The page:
And on the early morning of September 1, Germany invaded Poland. . The first shots—fired at Danzig— came not from one of Hitler’s modern weapons of war, but from the SMS Schleswig-Holstein, a three-decades-old German battleship on a “good will” visit to Danzig’s harbor. By shelling a Polish ammunition depot located on Danzig’s Westerplatte peninsula, the Schleswig-Holstein started the 7-day Battle of Westerplatte and, thus, World War II.

From the Fuhrer: “The Polish State has refused the peaceful settlement of relations which I desired, and has appealed to arms. Germans in Poland are persecuted with bloody terror and driven from their houses. A series of violations of the frontier, intolerable to a great Power, prove that Poland is no longer willing to respect the frontier of the Reich.”

Danzig was annexed by Germany.

“The Wild Man of Borneo”


“The Wild Man of Borneo” (June 12, 1945)
by Burris A. Jenkins, Jr. (1897-1966)
15 x 18 in., ink and crayon on board
Coppola Collection

Burris Jenkins Jr. was the son of a prominent Kansas City minister, war correspondent and newspaper editor. Jenkins Jr. was a popular sports cartoonist, whose work appeared in the New York Journal-American from 1931. His humorous published verses were also popular. Although best known for his sports themes, Jenkins was also a skilled courtroom illustrator and editorial cartoonist.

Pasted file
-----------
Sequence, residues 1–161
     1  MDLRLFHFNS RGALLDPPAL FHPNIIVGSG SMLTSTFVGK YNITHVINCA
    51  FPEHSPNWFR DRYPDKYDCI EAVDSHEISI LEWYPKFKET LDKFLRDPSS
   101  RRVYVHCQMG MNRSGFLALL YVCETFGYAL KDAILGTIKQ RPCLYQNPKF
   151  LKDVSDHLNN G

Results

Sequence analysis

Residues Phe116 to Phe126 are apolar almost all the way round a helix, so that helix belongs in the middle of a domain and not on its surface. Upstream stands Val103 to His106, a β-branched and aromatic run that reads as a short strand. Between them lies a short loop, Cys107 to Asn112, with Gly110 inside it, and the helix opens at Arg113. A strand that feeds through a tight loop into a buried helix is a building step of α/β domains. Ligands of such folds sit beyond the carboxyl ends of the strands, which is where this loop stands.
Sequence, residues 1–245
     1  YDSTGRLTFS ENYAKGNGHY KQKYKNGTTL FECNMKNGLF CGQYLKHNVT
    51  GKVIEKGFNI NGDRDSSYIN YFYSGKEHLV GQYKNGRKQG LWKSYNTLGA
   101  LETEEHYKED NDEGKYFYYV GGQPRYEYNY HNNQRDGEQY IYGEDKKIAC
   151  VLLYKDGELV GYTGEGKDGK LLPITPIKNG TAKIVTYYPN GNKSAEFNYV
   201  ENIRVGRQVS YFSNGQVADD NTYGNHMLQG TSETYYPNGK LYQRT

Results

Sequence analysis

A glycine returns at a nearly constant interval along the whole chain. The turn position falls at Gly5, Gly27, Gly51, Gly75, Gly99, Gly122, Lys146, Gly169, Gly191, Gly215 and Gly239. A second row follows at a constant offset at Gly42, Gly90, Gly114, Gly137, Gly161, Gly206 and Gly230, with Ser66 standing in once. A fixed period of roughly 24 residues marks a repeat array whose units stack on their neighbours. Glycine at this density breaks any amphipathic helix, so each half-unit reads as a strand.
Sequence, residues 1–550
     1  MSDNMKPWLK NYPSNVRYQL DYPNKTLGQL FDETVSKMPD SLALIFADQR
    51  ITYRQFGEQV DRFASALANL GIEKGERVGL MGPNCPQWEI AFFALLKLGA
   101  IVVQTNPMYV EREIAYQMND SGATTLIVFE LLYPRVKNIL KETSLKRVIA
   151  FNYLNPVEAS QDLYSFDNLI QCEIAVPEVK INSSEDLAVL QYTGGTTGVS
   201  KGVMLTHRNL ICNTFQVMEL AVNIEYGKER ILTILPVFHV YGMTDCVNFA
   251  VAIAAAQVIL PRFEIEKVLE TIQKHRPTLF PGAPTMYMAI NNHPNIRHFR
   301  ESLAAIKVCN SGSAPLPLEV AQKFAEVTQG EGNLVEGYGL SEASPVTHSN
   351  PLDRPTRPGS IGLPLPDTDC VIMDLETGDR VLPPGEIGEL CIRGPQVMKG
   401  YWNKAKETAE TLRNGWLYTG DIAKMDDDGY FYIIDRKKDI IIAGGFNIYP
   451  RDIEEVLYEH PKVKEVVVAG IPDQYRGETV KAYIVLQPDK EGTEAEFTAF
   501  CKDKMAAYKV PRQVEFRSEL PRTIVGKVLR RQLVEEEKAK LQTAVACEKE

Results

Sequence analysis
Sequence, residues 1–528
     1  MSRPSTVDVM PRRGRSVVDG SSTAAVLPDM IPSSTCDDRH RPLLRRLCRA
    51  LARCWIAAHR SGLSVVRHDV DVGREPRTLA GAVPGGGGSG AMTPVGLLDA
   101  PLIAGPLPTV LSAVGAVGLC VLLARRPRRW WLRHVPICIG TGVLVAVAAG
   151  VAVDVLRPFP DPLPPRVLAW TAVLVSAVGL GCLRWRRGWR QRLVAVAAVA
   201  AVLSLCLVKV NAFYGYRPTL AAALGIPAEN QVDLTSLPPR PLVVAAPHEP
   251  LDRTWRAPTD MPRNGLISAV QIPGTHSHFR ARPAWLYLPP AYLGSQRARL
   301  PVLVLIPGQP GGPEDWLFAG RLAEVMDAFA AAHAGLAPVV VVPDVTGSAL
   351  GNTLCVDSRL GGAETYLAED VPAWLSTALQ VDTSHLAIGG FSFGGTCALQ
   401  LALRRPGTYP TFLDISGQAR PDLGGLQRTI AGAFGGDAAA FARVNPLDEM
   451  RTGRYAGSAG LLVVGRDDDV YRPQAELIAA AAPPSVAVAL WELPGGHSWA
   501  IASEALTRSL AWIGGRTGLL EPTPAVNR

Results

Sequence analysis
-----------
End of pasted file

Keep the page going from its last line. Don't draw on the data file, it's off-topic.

Jenkins was not afraid to provoke, and he has some strong WW2 examples, including one of the rare direct commentaries on concentration (death) camps. Among his best-remembered cartoons are his angry piece on the discovery of the dead Lindbergh baby, and his sentimental image of Babe Ruth’s farewell to Yankee Stadium.

He was fired from his first job at the Kansas City Post for a series of pessimistic Christmas cartoons, a firing that prompted his father’s resignation from the same newspaper.

His father was an interesting guy. Jenkins, Sr (1968-1945) was ordained in 1891 and served as a pastor in Indianapolis. He received advanced degrees from Harvard and went on to serve as a professor and president of the University of Indianapolis and president of Kentucky University. He left Kentucky to return to Kansas City as pastor of the Linwood Boulevard Christian Church. The church burned in 1939, and Jenkins chose Frank Lloyd Wright as the architect for the church’s new home overlooking the Country Club Plaza.

Jenkins served as editor of the Kansas City Post from 1919 to 1921, hoping to fight for the establishment of the League of Nations. The Jenkins, Sr., biography tells the story about his leaving the Post slightly differently that for the son: “After two years, it became necessary for him to choose between the newspaper and his pulpit and, without hesitation, he resigned from the Post.”